By: Gary H. London
As Published in the San Diego Business Journal,
It is now time to buy a home. I have been saying this for the past several years, but now the market statistics back up the recommendation. The purchase “window” is still open, as prices are well below their last peak and interest rates are low.
But buyers beware: This is already changing, and the window is closing. Prices are up about 25 percent from the bottom, and climbing. There seems to be a chronic dearth in homes to purchase, and with limited supply forecasted over the next several years, that situation may only get worse.
Home prices are still about 40 percent below what they were in 2005 and interest rates are 30 percent less. This means that a savvy San Diego homebuyer can acquire a home with substantially lower payments.
Still, you have to qualify, and lenders remain reluctant to lend, except to the most qualified buyer — the kind of buyer that weathered the national economic crisis intact. If that is not you, expect a grinding mill of “prove up” that you are their kind of borrower. If you have the stomach for that, you are rewarded with the lowest interest rates of a lifetime.
Here is a primer of the residential market over the past 7 years:
It peaked in 2006 (median detached price in San Diego county was $622,000 in May 2006);
It troughed in 2009 (median price in March 2009 was $326,000);
It wallowed at the bottom — in terms of value and sales activity — for two years thereafter.
‘Clear’ the Market
Over the past two years, the market has struggled for traction. I call this market “clearing” because the distressed sales had to “clear” the market before viable transaction activity could begin. The median price today is $408,000.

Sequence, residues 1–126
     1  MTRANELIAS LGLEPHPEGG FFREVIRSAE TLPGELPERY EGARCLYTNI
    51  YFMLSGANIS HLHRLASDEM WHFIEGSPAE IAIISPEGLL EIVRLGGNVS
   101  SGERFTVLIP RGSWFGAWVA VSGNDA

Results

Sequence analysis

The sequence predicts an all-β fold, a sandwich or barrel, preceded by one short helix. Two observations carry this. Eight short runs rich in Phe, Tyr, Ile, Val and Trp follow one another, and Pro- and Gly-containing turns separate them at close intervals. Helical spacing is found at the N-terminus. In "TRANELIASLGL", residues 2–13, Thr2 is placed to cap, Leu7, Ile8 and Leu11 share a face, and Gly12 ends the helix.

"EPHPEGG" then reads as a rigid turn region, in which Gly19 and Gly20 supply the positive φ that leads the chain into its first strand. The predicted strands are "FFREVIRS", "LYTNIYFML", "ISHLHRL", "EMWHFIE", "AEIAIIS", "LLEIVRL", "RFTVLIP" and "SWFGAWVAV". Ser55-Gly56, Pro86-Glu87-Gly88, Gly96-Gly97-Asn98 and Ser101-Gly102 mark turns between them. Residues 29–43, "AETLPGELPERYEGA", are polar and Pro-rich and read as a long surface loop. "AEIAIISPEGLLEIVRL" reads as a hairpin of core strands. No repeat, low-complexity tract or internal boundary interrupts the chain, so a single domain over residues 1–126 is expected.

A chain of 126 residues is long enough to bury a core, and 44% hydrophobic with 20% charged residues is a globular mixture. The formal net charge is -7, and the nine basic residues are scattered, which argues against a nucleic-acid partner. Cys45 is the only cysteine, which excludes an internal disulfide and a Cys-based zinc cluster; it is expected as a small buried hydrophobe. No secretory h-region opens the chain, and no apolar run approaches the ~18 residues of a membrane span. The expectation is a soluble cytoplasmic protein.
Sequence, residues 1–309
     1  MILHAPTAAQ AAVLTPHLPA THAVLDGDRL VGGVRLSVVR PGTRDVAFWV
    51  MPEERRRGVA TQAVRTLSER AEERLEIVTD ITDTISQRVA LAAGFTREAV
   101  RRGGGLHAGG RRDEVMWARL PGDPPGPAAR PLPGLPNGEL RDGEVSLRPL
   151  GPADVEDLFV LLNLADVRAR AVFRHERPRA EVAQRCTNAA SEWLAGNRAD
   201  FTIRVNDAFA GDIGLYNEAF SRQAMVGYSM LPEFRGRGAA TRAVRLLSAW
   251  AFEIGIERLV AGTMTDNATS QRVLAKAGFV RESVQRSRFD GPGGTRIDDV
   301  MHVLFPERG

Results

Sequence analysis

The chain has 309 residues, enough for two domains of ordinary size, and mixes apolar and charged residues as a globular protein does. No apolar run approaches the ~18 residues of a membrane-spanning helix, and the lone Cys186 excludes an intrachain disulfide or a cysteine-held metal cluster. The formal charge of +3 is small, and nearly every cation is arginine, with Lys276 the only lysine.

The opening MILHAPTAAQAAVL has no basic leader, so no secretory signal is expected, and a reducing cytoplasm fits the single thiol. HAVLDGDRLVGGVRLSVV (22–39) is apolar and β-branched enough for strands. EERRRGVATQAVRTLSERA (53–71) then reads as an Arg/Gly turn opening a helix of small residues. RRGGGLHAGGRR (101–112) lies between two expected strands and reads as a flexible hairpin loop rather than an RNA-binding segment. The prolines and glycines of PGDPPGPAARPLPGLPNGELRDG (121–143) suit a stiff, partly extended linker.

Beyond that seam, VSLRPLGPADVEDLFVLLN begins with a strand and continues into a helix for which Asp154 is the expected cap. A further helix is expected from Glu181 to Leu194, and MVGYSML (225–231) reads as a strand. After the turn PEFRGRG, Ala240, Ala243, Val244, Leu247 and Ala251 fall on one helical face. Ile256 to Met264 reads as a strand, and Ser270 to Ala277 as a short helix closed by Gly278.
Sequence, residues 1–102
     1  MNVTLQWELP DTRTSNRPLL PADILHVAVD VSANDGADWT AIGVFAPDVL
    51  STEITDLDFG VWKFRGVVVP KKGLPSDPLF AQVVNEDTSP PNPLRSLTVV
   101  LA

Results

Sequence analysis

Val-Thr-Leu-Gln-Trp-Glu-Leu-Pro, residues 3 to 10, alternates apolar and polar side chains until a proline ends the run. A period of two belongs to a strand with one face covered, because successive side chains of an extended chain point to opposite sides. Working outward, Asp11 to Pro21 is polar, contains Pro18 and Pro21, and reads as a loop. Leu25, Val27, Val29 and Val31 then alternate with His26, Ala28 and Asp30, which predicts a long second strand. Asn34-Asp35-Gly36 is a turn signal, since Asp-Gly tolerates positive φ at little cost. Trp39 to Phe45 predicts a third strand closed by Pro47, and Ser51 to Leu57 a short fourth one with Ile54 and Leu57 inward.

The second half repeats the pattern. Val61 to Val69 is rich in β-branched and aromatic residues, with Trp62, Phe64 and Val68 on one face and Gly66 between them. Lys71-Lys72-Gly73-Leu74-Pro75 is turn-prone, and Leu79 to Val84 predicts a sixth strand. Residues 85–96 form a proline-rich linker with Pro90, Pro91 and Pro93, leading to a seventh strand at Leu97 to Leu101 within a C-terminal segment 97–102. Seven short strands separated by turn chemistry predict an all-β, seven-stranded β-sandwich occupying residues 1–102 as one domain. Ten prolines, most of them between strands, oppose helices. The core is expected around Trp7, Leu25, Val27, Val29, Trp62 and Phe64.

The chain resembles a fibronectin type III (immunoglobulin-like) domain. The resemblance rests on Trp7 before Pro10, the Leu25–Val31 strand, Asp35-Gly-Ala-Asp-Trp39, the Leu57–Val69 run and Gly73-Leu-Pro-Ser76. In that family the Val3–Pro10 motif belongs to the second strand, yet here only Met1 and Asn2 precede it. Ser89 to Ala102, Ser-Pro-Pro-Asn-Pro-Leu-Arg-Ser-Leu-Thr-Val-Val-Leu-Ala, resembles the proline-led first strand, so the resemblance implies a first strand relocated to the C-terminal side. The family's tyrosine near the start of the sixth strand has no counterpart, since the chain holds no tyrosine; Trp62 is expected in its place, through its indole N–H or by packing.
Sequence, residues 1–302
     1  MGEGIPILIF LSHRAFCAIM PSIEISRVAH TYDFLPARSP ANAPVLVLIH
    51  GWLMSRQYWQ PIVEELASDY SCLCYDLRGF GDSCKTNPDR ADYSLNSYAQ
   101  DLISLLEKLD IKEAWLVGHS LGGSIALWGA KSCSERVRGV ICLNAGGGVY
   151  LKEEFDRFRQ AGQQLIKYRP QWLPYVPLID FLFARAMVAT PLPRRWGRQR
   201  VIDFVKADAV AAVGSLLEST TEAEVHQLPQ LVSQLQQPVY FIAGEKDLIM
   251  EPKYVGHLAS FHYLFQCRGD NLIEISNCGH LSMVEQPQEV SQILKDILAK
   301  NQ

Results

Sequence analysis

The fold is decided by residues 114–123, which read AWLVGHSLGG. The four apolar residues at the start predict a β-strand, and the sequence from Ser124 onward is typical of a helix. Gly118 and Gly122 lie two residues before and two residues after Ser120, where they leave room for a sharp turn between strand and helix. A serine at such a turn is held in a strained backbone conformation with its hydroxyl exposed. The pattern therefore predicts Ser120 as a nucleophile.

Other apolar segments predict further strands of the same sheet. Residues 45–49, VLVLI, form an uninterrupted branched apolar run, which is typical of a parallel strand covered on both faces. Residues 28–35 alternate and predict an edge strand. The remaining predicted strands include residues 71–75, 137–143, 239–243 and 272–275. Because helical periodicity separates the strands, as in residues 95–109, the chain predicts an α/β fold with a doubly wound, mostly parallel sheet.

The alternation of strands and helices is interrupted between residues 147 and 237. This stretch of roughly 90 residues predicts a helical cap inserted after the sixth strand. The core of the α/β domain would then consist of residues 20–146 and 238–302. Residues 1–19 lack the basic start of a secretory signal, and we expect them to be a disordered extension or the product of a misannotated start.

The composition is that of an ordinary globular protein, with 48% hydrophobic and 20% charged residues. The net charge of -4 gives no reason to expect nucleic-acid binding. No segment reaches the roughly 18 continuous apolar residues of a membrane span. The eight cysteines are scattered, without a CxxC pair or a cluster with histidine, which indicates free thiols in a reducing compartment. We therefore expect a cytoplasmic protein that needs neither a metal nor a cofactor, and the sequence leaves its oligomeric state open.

That period is over and the market has evolved to predominantly nondistressed sales.
Now consumers face a different problem: shortages. Sales volume is up 12 percent this past year, according to the San Diego Association of Realtors, SDAR. This includes listing shortages — most homeowners are reluctant to list too early in the cycle recovery — as well as shortages caused by failure to replenish. There have been record low building permits sought since 2006.
Expect this year to be characterized by a continuation of supply shortage, both on the resale side and in the delivery of new homes. Prices have already escalated 9 percent during 2012 (SDAR figures). They will continue to rise.
At the same time long-term interest rates are at historical lows, hovering around 3 percent.
Over the next few years the home market will see continued price escalation, coupled with an availability crisis. This is a crisis that will go essentially unabated as a region that has mostly run out of developable land can no longer deliver single family homes in sufficient quantity. This will eventually be made up by the delivery of condominiums — but not for several more years.
The best current real property investment is rental. Rental rates have been on a strong upward run, partly stemming from the dearth of inventory (reflected in 95 percent plus occupancy rates), partly a result of so many “Gen Y” persons (now aged 20-32) now forming households, unwilling or unable to purchase a home. Expect rental rates to continue to be bid up.
Eventually expect a “re-peak” of price levels that peaked previously in 2006. I don’t know when, but perhaps sooner than you might think. It is inevitable unless our economy collapses, interest rates spike out of control or the homeowner interest deductible is dealt a fatal blow.
The latter concerns me.
One last cautionary note: Remember that all real estate is local. While some indices go beyond our region such as interest rates and tax issues, the real dynamics of the market — supply and demand — are defined locally. I would write a different forecast for noncoastal California markets that are not short on land, or the path to entitlement is easier or price base is substantially lower. That is a lot of places. Expect their recovery to take longer.